B&Q to cut carbon pollution

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The Independent Online
B&Q, the do-it-yourself giant owned by the retail group Kingfisher, will today pledge to plant trees and reduce carbon emissions in an attempt to fight global warming and cut its energy costs

The UK's largest DIY chain will tell more than 1,500 suppliers, staff and local authorities gathered in Birmingham for an environmental conference that it is to become "carbon-neutral" from next year.

Under the plans, B&Q will ensure that the polluting gases emitted by its lorries and stores are offset by a programme of environmental improvements. The retailer estimates that its operations release 110,000 tonnes of carbon gases into the atmosphere each year and is looking at radical ways to curb them.

The measures, which are designed to boost B&Q's green credentials, are set to include the use of renewable energy, such as solar or nuclear power in a large portion of its 284 stores.

The introduction of environmentally friendly fuels for its fleet of trucks is also on the cards. B&Q already owns a gas-powered lorry and is looking at acquiring several more.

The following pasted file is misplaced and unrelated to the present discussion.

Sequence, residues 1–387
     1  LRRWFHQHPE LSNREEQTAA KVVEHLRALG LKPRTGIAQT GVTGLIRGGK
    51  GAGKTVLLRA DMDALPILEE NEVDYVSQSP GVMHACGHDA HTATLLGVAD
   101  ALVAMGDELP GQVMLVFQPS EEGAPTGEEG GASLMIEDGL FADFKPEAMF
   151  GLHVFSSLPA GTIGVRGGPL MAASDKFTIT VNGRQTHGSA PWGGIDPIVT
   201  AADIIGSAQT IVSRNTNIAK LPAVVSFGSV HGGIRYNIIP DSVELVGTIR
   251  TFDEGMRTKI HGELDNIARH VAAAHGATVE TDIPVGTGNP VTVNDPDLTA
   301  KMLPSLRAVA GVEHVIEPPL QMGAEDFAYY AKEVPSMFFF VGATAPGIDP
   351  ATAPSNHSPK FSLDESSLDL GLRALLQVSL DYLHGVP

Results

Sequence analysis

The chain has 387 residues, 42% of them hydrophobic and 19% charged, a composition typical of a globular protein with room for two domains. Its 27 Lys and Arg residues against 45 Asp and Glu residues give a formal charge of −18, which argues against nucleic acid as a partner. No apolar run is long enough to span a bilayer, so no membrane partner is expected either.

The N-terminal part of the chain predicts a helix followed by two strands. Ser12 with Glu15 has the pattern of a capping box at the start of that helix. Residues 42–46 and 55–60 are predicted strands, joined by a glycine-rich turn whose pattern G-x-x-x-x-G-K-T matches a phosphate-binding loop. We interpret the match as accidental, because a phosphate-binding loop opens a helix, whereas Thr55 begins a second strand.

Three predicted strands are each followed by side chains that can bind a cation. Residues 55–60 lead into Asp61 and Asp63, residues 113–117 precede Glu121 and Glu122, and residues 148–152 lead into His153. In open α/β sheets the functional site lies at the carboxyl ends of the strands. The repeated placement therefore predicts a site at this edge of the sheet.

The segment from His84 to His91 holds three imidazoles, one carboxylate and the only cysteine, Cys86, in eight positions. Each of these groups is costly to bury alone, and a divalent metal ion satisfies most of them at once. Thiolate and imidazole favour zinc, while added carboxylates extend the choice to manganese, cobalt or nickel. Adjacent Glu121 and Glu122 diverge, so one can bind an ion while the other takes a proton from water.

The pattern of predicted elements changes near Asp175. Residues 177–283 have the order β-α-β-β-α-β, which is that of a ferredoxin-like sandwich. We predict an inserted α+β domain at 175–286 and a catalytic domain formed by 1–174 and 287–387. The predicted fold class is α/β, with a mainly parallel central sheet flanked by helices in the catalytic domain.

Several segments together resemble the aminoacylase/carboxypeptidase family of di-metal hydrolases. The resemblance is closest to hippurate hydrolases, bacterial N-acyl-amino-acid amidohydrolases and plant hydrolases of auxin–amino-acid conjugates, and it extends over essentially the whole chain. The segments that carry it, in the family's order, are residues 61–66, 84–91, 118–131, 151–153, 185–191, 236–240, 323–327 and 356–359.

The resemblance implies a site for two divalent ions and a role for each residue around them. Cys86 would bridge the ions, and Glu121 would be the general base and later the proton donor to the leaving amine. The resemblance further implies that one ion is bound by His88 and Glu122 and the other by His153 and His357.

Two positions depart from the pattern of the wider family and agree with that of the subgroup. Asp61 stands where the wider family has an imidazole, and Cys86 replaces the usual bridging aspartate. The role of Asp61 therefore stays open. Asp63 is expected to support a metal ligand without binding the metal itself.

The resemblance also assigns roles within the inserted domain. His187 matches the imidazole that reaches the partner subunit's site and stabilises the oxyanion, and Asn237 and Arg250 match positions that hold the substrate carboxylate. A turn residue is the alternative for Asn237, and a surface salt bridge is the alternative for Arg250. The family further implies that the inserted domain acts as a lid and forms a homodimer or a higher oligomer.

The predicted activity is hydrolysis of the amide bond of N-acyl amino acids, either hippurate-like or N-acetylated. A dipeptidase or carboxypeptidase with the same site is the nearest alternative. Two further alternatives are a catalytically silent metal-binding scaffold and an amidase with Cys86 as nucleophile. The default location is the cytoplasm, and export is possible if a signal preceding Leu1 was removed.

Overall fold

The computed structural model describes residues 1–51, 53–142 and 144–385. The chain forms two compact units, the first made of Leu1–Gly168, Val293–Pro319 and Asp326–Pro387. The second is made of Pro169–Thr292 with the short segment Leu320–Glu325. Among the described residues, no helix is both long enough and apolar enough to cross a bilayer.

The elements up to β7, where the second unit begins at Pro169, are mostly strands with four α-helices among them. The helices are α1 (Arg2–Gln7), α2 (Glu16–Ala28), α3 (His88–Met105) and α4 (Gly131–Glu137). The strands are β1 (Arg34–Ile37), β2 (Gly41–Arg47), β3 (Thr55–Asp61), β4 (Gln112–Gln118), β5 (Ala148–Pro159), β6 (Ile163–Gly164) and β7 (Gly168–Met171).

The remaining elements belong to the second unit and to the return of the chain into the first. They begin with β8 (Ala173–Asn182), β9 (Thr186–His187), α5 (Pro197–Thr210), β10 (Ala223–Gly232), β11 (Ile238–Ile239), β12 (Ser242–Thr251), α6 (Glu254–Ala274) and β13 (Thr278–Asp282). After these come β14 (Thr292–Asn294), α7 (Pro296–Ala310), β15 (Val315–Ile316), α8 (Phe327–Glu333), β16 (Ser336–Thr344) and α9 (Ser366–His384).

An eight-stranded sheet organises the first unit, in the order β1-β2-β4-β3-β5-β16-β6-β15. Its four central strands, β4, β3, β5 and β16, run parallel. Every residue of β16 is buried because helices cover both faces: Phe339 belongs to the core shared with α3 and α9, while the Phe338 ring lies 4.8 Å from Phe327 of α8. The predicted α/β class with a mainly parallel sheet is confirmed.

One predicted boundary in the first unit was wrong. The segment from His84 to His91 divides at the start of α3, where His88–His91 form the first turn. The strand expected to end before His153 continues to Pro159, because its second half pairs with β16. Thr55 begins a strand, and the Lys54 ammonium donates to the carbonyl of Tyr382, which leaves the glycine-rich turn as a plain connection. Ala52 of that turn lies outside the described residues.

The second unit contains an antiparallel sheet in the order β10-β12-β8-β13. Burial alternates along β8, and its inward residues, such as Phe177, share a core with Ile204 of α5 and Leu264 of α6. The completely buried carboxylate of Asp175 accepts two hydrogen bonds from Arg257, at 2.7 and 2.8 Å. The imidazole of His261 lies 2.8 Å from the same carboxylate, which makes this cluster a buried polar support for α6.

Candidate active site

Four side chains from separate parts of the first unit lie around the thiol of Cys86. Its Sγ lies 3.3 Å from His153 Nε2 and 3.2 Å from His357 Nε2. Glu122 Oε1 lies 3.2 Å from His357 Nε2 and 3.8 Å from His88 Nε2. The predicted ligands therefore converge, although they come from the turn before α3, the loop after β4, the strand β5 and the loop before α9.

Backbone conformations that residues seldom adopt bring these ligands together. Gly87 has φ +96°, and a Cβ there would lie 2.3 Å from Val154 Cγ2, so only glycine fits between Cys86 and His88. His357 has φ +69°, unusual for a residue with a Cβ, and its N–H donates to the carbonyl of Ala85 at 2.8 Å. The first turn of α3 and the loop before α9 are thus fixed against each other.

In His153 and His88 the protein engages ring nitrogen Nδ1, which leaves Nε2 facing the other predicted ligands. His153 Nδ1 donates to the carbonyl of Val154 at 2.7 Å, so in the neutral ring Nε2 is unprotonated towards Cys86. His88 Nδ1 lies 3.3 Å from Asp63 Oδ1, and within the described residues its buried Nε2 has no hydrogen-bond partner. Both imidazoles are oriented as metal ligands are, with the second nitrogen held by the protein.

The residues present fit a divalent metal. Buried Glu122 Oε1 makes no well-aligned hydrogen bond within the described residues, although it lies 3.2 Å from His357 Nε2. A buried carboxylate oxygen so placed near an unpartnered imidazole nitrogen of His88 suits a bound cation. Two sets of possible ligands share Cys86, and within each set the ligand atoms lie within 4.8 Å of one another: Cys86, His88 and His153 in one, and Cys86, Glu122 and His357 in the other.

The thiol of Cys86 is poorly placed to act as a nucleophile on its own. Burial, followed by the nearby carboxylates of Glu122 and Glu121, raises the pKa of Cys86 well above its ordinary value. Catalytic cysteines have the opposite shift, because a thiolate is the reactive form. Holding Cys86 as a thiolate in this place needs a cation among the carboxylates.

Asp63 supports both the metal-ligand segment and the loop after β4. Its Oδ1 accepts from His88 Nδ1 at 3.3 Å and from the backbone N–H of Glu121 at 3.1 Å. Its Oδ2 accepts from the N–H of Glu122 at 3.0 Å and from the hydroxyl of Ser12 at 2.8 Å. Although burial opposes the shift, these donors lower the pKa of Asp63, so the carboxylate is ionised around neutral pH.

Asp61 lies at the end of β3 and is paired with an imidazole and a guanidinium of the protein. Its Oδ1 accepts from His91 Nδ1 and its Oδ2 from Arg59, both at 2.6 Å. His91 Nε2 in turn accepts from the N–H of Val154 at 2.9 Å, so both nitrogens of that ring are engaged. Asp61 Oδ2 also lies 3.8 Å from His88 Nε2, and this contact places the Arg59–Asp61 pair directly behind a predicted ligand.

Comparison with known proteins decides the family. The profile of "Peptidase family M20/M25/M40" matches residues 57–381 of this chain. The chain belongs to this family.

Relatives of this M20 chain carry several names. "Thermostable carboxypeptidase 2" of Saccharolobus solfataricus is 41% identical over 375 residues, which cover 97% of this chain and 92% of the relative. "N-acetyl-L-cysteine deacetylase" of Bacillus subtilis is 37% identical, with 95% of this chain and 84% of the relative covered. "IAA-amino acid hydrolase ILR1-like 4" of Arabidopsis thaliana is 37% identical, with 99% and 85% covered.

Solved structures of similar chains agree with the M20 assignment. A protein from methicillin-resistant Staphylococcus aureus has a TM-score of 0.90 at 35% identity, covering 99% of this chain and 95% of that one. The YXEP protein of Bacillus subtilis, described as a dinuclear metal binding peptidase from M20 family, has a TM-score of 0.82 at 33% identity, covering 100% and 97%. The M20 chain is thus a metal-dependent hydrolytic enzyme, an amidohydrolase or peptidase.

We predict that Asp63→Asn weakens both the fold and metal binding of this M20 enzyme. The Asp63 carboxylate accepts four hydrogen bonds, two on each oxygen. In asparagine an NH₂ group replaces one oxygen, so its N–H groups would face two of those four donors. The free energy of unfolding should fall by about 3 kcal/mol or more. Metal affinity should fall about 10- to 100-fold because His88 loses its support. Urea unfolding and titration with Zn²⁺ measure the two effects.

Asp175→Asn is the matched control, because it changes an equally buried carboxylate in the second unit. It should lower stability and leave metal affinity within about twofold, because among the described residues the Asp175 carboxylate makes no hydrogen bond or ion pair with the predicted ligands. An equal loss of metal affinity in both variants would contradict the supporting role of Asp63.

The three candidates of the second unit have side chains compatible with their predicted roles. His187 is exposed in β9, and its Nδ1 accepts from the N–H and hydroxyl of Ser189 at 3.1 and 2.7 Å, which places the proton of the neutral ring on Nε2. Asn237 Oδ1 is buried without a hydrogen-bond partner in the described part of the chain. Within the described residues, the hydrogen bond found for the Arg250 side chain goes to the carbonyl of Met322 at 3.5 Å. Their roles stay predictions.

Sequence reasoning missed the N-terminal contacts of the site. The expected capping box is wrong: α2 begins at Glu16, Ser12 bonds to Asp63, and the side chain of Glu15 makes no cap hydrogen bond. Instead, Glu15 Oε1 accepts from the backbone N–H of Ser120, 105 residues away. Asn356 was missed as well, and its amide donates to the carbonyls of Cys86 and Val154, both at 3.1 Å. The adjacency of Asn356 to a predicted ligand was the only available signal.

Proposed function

The retailer will also promise to plant a number of trees in environmentally deprived areas of the world in order to reduce global warming.

B&Q's environmental drive comes after reports that the Chancellor, Gordon Brown, is planning to levy a pounds 2bn energy tax on business to help Britain meet its target of a per cent cut in greenhouse tax emissions by 2010.

A spokeswoman for B&Q denied that the measures were driven by Mr Brown's plans. She said B&Q's environmental drive would have little impact on Kingfisher's balance sheet in 1999 and 2000, and added that the environmental plan was set to yield cost savings in the medium-term.

Martin Toogood, B&Q's managing director, said: "More and more businesses are aware that selling goods and services for a profit is only part of the picture. For a retailer such as B&Q which touches so many communities across the world, it is in our interest to be a responsible and responsive part of those communities. Being carbon-neutral is just a small contribution."

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